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There’s something wrong with NASA’s Mars Reconnaissance Orbiter

Published Feb 19th, 2018 6:21PM EST
mars reconnaissance orbiter

NASA has had an incredible streak of good luck as of late with spacecraft that have far outlived their expectations. Cassini at Saturn, the Opportunity rover on Mars, and several other pieces of high-tech space hardware have performed for much longer than was initially expected of them. Unfortunately, the Mars Reconnaissance Orbiter, which was launched in 2005 and has delivered more data on the Red Planet than any other Mars mission, is starting to cause some headaches.

According to NASA’s Jet Propulsion Laboratory, the spacecraft has been put into “precautionary standby status” after it alerted its handlers of low battery voltage. The craft is equipped with solar panels that power its instruments, but when it swings to the dark side of the planet it relies on rechargeable batteries to keep it up and running. Now, NASA has to figure out exactly what is wrong, and do so from over 30 million miles away.

“We’re in the diagnostic stage, to better understand the behavior of the batteries and ways to give ourselves more options for managing them in the future,” MRO Project Manager Dan Johnston explains. “We will restore MRO’s service as a relay for other missions as soon as we can do so with confidence in spacecraft safety, likely in about one week. After that, we will resume science observations.”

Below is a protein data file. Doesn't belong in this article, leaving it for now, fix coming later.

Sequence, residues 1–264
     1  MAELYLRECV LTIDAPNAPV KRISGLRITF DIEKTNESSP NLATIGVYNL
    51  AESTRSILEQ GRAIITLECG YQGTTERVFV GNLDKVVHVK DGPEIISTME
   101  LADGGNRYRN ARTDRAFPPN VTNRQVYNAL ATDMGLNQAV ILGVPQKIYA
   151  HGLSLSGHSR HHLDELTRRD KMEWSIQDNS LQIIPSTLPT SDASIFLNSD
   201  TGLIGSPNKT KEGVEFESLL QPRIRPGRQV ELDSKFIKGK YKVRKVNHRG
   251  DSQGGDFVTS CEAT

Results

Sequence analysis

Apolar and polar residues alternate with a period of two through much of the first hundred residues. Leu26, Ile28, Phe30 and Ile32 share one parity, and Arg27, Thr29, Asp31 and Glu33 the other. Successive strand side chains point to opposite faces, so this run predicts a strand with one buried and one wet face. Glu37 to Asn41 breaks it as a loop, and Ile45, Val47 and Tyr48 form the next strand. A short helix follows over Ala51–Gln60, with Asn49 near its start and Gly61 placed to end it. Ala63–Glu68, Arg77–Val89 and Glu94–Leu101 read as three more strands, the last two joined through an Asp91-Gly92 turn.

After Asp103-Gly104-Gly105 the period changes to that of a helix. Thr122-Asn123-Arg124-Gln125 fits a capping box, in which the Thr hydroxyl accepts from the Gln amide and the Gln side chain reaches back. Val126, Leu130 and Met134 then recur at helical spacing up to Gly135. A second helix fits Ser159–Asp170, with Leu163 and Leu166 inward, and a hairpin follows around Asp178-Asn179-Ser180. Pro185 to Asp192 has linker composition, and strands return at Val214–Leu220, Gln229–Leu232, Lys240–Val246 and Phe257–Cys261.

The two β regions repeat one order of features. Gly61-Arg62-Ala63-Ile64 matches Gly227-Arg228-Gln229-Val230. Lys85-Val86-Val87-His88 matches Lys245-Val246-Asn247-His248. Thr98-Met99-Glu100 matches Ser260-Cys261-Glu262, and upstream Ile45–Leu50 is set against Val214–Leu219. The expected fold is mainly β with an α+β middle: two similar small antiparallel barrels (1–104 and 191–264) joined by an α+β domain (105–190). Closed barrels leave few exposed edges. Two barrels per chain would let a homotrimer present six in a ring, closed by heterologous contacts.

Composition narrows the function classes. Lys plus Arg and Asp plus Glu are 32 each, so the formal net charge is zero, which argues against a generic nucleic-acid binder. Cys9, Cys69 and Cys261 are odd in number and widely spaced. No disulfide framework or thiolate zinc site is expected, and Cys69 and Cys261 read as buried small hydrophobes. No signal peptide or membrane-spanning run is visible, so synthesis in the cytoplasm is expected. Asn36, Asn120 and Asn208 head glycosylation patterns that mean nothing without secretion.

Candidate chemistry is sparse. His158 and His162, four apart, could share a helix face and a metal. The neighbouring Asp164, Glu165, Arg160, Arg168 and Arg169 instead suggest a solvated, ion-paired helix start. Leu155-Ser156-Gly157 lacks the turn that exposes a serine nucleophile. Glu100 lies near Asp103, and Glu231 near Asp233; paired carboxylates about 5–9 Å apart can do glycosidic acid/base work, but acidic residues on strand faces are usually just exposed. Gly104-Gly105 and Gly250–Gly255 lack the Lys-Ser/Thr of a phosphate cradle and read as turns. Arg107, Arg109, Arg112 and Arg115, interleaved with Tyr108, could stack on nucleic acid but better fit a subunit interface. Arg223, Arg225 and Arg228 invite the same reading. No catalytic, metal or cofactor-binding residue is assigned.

NASA is optimistic that they can iron out whatever issues are leading to the spacecraft’s battery woes, but it’s not exactly shocking that the hardware is having problems when you consider its age. Launching in 2005, the Mars Reconnaissance Orbit was slated to have a two-year mission window which it completed with flying colors. Following that success, NASA has issues extended missions five times, allowing the orbiter to continue gathering and relaying a treasure trove of data about the planet. According to NASA, the MRO has delivered over 317 terabits of data thus far, which is more than all other Mars mission combined.

In just a couple of years, NASA is slated to launch its Mars 2020 mission which will feature the delivery of a new rover to the Red Planet. The rover will be a cutting-edge piece of scientific hardware capable of making advanced observations about the composition of the Martian surface.